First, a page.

Poems for the Lockdown - Eyre Square

Poet Kevin Higgins provides a Galway related poem to chime with these strange times

Eyre Square during its reconstruction in 2004. Photo:- Mike Shaughnessy

Eyre Square during its reconstruction in 2004. Photo:- Mike Shaughnessy

THIS POEM was written for a poetry competition the Galway City Council organised on the theme of ‘Eyre Square’ and it featured in my fourth poetry collection, The Ghost In The Lobby, published by Salmon in 2014.

In the poem, I reference many of the prominent buildings around Eyre Square, several of which have become something else since I first visited it as a child in the very early 1970s. There is the famous saying: You can take the man out of the bog, but you can’t take the bog out of the man. Paul Muldoon varied this in a poem about the Northern Irish political situation, when he wrote: “You can take the man out of South Armagh/but you can’t take the South Armagh out of the man.”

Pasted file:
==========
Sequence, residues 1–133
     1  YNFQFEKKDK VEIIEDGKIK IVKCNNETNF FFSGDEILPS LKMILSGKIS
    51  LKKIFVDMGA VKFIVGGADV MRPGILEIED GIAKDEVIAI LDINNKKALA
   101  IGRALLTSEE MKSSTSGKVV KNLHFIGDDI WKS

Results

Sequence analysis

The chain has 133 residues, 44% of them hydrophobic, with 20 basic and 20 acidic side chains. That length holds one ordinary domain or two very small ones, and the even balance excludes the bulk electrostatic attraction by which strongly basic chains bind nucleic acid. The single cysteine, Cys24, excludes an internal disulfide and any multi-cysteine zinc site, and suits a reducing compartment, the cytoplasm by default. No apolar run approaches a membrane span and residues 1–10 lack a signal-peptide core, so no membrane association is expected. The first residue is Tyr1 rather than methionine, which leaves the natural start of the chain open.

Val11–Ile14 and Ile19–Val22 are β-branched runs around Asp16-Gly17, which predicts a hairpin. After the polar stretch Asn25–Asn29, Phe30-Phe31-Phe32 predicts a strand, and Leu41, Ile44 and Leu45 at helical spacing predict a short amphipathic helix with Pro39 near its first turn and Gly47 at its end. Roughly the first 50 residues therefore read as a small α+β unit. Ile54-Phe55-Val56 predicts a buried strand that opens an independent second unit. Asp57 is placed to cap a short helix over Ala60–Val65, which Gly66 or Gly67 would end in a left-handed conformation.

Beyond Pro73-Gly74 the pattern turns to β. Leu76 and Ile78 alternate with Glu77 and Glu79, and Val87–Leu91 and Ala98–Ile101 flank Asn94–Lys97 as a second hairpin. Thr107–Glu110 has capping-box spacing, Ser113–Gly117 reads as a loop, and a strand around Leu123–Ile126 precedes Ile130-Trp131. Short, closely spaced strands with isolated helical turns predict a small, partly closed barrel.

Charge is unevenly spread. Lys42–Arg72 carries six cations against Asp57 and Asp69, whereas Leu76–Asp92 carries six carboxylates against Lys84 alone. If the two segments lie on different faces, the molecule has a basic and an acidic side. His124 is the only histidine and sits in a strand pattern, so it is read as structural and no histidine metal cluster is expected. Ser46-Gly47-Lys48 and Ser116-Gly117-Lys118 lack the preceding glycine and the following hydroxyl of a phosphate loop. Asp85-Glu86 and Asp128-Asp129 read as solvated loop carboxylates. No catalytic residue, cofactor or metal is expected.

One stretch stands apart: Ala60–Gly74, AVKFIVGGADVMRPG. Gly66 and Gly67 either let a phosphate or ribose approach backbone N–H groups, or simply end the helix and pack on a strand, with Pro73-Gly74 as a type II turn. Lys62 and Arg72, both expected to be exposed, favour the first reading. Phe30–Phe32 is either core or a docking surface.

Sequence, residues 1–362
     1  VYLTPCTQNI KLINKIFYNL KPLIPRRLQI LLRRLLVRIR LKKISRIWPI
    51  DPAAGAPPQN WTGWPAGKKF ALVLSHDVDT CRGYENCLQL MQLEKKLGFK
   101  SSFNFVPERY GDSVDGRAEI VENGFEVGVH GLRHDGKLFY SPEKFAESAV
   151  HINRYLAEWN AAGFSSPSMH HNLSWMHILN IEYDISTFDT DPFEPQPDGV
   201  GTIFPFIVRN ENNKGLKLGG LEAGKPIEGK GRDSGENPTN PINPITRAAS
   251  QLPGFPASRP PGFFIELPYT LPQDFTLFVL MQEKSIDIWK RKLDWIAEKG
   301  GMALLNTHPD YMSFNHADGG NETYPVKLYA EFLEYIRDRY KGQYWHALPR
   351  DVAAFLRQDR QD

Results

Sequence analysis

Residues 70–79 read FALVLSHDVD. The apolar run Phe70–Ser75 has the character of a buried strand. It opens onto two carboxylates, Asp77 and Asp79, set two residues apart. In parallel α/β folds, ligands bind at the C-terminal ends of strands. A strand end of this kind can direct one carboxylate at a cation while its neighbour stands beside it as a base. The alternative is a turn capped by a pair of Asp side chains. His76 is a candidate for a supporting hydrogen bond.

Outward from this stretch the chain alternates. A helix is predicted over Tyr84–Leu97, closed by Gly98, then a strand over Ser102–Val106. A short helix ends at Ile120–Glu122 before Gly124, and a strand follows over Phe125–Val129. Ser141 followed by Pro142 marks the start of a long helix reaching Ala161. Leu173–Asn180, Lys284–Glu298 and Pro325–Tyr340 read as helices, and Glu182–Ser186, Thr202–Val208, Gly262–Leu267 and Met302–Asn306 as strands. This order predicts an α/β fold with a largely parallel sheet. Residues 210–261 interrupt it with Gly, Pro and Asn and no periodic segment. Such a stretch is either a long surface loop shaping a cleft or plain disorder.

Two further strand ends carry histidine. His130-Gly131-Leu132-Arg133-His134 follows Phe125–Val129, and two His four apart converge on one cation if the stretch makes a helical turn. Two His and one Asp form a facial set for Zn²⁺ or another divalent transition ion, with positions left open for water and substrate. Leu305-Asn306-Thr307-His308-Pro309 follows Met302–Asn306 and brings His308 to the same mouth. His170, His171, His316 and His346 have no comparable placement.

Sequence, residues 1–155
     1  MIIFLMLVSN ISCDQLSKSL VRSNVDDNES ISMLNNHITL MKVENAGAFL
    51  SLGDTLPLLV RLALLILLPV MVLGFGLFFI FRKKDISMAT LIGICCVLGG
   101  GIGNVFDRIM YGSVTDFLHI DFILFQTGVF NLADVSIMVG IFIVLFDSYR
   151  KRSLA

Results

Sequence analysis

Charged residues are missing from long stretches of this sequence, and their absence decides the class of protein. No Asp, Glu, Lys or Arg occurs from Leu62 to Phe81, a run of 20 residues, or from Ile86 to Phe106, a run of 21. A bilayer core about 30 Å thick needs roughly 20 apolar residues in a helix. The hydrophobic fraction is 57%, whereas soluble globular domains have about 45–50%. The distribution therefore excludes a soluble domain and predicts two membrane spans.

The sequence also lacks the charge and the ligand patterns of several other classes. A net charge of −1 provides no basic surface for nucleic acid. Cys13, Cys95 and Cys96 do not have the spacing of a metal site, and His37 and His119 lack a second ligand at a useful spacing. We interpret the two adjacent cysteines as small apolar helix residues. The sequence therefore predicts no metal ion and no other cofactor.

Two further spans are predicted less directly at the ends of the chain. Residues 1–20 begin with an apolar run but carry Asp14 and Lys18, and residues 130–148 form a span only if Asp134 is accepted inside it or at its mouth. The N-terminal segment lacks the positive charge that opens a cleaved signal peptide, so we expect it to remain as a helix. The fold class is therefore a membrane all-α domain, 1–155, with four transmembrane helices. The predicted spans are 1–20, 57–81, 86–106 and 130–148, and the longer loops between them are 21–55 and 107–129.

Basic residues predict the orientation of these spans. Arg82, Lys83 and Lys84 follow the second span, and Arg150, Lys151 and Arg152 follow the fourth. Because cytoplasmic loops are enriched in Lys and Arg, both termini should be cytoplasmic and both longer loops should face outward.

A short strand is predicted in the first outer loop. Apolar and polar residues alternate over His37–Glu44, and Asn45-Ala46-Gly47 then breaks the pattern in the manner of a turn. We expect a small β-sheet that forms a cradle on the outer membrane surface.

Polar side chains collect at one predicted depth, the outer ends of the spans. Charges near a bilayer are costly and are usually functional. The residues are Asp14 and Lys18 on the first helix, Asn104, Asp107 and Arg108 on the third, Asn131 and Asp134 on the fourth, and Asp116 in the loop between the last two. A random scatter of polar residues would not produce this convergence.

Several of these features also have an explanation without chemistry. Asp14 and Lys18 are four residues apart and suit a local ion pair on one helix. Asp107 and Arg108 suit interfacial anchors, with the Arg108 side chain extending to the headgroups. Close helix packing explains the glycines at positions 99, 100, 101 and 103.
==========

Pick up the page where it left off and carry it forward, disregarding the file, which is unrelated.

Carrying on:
This poem is about me as much as it is about Eyre Square. It surprised me at the end by turning into a love poem. In 1998 when visiting Galway with her mother and step-father, who live in Belfast, my now wife Susan took one look at Eyre Square during Galway Arts Festival and said to herself: "I could live here"

You Can Take The Man Out Of Eyre Square But You Can’t Take The Eyre Square Out Of The Man

for Susan

His head recognises the reality of Supermacs

but his heart still steals sweets from Woolworths.

His monologues are every St. Patrick’s Day parade

since nineteen seventy four; his private thoughts

filthier than the old Eyre Square Jax.


His political views are like Curran’s Hotel,

not there anymore, but his words still subversive

as someone putting an orange jumpsuit

on Liam Mellows’ statue.


His balances are healthier than the Bank of Ireland

and Permanent TSB, his mouth bigger

than The Galway Advertiser,

but his answer to everything is


Dunnes Stores. His stubble sometimes bristly

as a rough night in Richardson’s;

his idea of himself inflated

as The Great Southern Hotel.


His greatest stroke of luck

drums and face painting

the day she stepped out of a car

and thought: ‘I could live here’


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